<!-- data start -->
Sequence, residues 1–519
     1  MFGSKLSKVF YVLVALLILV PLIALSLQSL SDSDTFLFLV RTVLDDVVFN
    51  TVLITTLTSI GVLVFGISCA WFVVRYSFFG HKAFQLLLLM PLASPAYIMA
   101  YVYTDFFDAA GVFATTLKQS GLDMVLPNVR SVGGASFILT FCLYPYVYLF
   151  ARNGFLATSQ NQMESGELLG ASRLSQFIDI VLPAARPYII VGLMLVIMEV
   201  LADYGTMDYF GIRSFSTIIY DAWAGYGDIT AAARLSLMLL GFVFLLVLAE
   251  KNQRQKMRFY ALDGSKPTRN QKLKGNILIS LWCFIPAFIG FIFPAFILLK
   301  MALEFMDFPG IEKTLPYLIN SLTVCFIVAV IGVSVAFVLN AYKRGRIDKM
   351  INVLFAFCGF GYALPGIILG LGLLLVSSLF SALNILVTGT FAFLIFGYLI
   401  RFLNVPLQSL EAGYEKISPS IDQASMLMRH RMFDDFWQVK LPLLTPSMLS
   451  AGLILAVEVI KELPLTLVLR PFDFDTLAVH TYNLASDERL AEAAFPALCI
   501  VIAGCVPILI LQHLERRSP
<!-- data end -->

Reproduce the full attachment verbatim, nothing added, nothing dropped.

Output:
Sequence, residues 1–519
     1  MFGSKLSKVF YVLVALLILV PLIALSLQSL SDSDTFLFLV RTVLDDVVFN
    51  TVLITTLTSI GVLVFGISCA WFVVRYSFFG HKAFQLLLLM PLASPAYIMA
   101  YVYTDFFDAA GVFATTLKQS GLDMVLPNVR SVGGASFILT FCLYPYVYLF
   151  ARNGFLATSQ NQMESGELLG ASRLSQFIDI VLPAARPYII VGLMLVIMEV
   201  LADYGTMDYF GIRSFSTIIY DAWAGYGDIT AAARLSLMLL GFVFLLVLAE
   251  KNQRQKMRFY ALDGSKPTRN QKLKGNILIS LWCFIPAFIG FIFPAFILLK
   301  MALEFMDFPG IEKTLPYLIN SLTVCFIVAV IGVSVAFVLN AYKRGRIDKM
   351  INVLFAFCGF GYALPGIILG LGLLLVSSLF SALNILVTGT FAFLIFGYLI
   401  RFLNVPLQSL EAGYEKISPS IDQASMLMRH RMFDDFWQVK LPLLTPSMLS
   451  AGLILAVEVI KELPLTLVLR PFDFDTLAVH TYNLASDERL AEAAFPALCI
   501  VIAGCVPILI LQHLERRSP